Do we put the recipe in the comments as well. I do have a wonderful chocolate cake recipe that was my great grandmother’s as well. It it on my blog.
Thank you so much for sharing!
Akiko White Cakelustrator
Hi Akiko! Oh how I would love to hear your recipe for chocolate cake! :-)
Here is my blog site with the recipe for Chocolate cake. I use a chocolate ganache in-between the layers. It’s so yummy!
Thank you, Akiko!
We just loved this book! So great to see the author and illustrator on your video making blackberry fool. Blackberries are our most favorite berry.
Our favorite family dessert is my mother’s Peach Pie.
Chocolate chocolate cheesecake
I see a black horse statue that traveled through the ages.
I’ve been wanting to get my hands on this book for a while now! The closest to a family recipe I have may be my paternal grandmother’s cranberry sauce served at holidays.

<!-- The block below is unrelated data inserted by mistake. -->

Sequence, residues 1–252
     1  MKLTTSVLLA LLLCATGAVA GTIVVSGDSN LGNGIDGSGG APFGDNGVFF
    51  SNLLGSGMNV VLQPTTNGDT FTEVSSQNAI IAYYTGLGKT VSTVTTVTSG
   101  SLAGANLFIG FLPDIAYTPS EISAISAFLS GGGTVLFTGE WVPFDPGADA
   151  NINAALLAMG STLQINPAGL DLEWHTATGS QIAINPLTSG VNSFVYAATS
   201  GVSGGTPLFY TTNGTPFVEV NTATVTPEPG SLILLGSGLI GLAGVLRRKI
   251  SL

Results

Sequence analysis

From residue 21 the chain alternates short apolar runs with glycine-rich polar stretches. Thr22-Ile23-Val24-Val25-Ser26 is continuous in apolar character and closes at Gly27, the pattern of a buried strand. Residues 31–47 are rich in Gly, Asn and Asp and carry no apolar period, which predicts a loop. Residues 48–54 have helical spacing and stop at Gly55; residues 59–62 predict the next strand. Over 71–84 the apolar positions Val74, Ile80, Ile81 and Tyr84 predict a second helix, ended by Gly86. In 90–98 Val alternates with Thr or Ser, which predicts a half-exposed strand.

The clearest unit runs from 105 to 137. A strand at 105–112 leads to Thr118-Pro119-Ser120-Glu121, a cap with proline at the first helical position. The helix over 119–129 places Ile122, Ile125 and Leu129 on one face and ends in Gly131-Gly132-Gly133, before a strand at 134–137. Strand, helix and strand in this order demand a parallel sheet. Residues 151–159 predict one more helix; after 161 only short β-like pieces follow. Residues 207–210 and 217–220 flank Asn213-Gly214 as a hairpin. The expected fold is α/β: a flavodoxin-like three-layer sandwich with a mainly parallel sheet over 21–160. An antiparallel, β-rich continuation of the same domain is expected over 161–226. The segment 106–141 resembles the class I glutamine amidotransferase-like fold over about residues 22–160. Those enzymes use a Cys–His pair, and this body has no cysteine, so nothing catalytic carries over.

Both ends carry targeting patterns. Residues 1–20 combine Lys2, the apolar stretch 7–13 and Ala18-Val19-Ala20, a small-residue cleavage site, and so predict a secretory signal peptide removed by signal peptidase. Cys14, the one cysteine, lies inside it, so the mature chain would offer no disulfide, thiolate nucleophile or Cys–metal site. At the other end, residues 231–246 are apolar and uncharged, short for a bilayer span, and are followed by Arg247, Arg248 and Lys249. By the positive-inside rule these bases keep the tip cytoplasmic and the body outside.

I loved the concept of this book. There is so much rich information here and so many opportunities to use it in the classroom. My family’s favorite recipe is flan.
I have not read the book, but I do know from experience that food is always an interesting topic for children. A lesson using this book seems like it would get students’ attention.
I’m a big fan of food and I know my students are as well. I don’t make any family recipes but I’m an eager eater of my mom’s homemade noodles, my dad’s Beef Baronessa, and anything baked by my grandmother!
So glad I found this site through a friend’s Tweet. Lots to see and read – and thanks for the giveaway!
My favorite family recipe is probably the Lebanese kibbe dish that my dad makes. Ground lamb or beef, spices, pine nuts, and bulged wheat. Served hot in thin pita bread, it is SO good. Mmm…
It would most certainly have to be a dessert! But which one? Perhaps one that kids can help make like this Blackberry Fool. Love the historical value to this book and encouraging kids in the kitchen.
My favorite family recipe would be Potato Soup for a meal and Maple Nut Bars for dessert. YUM!
Yum! I love making gooseberry fool too!